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Air Force officials test Voluntary Protection Program

  • Published
  • By 1st Lt. Geoff Buteau
  • 66th Air Base Wing Public Affairs
Air Force officials conducted the first Voluntary Protection Program mock audit to evaluate the overall safety of the base as a work site March 24 through 28 at Hanscom Air Force Base. 

VPP originates from the Occupational Safety and Health Administration and focuses on incorporating the Air Force's culture of safety in the air, on the ground, at work, at home and at play. 

The mock audit is in preparation for when OSHA conducts its onsite review of Hanscom AFB. An outbriefing is scheduled for April 11 to provide feedback to base officials. The review date has yet to be determined. 

The team was pleased to see how broadly the VPP reaches throughout all the different organizations here, said Lt. Col. Wade Weisman, a mock audit team member from the secretary of the Air Force's Office of Installations, Environment and Logistics.

"VPP team leads aren't just in one office, but are spread out and integrated through the organization, and that's exciting to us," Colonel Weisman said.

During the mock audit, the team evaluated the "Three P's," which Colonel Weisman said are "paper, people and places."
-- Paper. The team inspected all safety documents and policies; many of which are contained in the Safety Office or on the Intranet.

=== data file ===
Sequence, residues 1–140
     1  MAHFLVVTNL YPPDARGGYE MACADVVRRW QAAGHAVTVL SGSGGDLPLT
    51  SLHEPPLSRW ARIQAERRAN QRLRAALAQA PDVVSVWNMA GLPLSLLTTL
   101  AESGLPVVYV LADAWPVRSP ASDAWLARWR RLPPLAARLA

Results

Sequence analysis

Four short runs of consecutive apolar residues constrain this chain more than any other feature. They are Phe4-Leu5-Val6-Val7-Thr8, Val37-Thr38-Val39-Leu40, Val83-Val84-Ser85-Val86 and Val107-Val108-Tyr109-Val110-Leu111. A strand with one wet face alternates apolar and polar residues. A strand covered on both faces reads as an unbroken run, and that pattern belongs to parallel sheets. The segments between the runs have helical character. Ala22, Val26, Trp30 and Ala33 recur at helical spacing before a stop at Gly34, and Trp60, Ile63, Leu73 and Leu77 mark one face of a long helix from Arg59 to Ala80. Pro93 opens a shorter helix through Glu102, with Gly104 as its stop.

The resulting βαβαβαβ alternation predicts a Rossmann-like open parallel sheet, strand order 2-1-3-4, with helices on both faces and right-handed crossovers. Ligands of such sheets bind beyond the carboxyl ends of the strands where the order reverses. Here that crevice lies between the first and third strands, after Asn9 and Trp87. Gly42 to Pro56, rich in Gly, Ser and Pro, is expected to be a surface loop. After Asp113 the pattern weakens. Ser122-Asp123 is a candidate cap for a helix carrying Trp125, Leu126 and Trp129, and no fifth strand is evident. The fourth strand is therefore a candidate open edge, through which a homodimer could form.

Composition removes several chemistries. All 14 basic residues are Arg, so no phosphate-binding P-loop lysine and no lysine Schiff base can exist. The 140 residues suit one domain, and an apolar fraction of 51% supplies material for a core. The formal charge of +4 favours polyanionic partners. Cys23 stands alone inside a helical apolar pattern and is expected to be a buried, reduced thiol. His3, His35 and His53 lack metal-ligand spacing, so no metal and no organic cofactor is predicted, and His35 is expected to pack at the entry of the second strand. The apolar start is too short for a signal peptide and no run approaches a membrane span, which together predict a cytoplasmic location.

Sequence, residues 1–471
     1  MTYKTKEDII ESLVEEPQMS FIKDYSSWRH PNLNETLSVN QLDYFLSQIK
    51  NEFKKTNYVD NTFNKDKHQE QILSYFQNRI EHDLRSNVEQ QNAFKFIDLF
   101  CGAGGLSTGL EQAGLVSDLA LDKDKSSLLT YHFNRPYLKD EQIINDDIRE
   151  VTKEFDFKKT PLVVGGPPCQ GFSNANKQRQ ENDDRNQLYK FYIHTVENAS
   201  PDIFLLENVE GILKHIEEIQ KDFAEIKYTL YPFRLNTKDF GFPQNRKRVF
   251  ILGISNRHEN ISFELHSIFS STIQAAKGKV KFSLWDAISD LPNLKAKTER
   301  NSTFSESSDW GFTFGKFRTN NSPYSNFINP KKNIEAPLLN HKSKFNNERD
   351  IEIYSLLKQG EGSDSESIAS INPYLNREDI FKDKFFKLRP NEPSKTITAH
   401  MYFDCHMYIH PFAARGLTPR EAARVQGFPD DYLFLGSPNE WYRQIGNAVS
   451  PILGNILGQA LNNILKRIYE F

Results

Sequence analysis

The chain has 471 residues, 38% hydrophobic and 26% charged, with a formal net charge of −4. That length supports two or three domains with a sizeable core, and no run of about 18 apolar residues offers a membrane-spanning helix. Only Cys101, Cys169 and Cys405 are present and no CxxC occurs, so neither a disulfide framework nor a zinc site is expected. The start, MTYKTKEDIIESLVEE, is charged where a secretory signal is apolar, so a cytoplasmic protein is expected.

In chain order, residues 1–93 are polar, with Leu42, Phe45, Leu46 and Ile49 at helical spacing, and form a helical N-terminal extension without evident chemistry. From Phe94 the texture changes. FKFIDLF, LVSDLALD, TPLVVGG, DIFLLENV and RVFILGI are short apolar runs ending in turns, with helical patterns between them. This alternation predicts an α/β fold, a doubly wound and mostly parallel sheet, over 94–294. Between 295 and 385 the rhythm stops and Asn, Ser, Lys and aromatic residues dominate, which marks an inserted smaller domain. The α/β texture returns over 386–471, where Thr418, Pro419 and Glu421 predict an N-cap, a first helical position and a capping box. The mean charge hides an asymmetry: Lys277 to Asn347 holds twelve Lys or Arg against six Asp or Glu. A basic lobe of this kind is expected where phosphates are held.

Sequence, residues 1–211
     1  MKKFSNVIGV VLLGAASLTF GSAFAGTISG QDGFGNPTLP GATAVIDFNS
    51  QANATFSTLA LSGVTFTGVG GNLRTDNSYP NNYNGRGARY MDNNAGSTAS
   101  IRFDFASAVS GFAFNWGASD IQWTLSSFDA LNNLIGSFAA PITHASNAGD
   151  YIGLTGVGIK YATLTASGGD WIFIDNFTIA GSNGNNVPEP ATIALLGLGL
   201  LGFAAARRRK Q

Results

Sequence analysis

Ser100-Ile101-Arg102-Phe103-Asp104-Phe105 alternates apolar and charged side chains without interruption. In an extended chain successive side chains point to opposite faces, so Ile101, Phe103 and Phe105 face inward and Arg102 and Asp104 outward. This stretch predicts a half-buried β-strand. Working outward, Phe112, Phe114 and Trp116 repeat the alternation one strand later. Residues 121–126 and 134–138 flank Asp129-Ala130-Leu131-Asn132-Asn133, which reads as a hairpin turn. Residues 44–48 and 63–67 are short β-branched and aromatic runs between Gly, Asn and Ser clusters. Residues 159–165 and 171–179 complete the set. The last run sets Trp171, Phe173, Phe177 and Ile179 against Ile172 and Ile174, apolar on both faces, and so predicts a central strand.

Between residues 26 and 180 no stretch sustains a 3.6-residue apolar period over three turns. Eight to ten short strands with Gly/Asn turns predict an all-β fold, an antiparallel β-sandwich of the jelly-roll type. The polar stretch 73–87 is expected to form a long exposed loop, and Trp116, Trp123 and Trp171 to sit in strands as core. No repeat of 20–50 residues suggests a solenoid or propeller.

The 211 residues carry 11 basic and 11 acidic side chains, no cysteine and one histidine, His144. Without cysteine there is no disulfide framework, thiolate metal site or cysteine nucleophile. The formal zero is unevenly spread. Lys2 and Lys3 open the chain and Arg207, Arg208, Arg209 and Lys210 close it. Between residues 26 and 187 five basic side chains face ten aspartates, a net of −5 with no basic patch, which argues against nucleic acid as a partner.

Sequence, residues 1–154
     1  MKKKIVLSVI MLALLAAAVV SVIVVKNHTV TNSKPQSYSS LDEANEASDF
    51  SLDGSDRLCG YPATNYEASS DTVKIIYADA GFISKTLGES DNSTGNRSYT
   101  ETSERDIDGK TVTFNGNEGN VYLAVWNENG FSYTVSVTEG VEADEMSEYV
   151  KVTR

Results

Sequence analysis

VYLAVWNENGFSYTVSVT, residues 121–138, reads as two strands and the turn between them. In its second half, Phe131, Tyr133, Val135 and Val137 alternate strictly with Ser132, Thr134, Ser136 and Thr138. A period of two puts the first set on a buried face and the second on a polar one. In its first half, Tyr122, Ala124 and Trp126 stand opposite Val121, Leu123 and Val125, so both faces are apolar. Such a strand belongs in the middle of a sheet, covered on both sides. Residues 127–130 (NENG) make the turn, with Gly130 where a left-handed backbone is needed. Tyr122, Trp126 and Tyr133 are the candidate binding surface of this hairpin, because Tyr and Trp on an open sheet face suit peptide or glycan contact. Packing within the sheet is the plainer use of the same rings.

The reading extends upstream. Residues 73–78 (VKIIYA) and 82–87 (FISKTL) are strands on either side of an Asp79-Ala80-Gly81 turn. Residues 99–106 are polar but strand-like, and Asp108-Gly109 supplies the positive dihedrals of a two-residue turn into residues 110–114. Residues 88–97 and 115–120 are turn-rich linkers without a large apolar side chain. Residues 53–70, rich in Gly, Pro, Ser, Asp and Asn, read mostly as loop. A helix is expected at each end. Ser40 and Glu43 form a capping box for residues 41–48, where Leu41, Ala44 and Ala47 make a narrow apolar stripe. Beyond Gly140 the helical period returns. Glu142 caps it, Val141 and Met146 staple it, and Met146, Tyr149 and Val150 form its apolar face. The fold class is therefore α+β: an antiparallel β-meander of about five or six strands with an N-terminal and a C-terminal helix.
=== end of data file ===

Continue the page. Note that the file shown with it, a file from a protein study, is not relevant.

-- People. The mock audit team interviewed a wide range of people, including senior leaders. Team members focused on perceptions and effectiveness of the installation safety and health performance.
--Places. The team visited various work sites to evaluate the effectiveness of the program and determine if the safety practices outlined in guidance and discussed by personnel are put in practice in the workplace.

The goal of this process is to match what is written and what people are saying to what is actually happening, Colonel Weisman said.

He also said it's not necessarily about being perfect. If there is a problem, the inspection team will evaluate the organization's ability to address it. If there is a system in place to fix those problems when they arise, "that's just as important as having it perfect."

The significance of this training is to become an OSHA Star-certified site, said Rolen Johns, the 66th Air Base Wing Safety Office director.

"Safety is good here at Hanscom AFB, but (a Star-certified) VPP program enhances it," Mr. Johns said.

Star-certifications and good safety scores aside, Mr. Johns said it comes down to people being safe while they're working at Hanscom AFB. 

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